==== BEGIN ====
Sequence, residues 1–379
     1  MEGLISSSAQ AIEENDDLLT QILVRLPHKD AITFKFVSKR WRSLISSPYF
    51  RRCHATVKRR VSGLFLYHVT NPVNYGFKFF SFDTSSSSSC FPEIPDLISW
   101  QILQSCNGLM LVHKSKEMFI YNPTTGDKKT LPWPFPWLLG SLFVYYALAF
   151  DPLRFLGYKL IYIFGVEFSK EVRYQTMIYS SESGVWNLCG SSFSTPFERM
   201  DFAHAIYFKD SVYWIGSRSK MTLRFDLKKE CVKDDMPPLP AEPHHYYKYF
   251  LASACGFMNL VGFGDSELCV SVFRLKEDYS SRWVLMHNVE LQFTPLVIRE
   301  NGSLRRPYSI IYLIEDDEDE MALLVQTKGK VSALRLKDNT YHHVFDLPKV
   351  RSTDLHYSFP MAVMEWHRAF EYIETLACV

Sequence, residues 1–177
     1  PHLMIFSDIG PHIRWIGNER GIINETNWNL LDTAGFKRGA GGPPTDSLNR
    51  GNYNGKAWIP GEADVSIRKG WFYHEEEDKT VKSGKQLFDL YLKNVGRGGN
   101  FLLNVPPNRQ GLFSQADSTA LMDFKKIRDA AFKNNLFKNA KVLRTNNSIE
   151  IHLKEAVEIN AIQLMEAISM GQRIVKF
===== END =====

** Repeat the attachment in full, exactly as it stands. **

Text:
Sequence, residues 1–379
     1  MEGLISSSAQ AIEENDDLLT QILVRLPHKD AITFKFVSKR WRSLISSPYF
    51  RRCHATVKRR VSGLFLYHVT NPVNYGFKFF SFDTSSSSSC FPEIPDLISW
   101  QILQSCNGLM LVHKSKEMFI YNPTTGDKKT LPWPFPWLLG SLFVYYALAF
   151  DPLRFLGYKL IYIFGVEFSK EVRYQTMIYS SESGVWNLCG SSFSTPFERM
   201  DFAHAIYFKD SVYWIGSRSK MTLRFDLKKE CVKDDMPPLP AEPHHYYKYF
   251  LASACGFMNL VGFGDSELCV SVFRLKEDYS SRWVLMHNVE LQFTPLVIRE
   301  NGSLRRPYSI IYLIEDDEDE MALLVQTKGK VSALRLKDNT YHHVFDLPKV
   351  RSTDLHYSFP MAVMEWHRAF EYIETLACV

Sequence, residues 1–177
     1  PHLMIFSDIG PHIRWIGNER GIINETNWNL LDTAGFKRGA GGPPTDSLNR
    51  GNYNGKAWIP GEADVSIRKG WFYHEEEDKT VKSGKQLFDL YLKNVGRGGN
   101  FLLNVPPNRQ GLFSQADSTA LMDFKKIRDA AFKNNLFKNA KVLRTNNSIE
   151  IHLKEAVEIN AIQLMEAISM GQRIVKF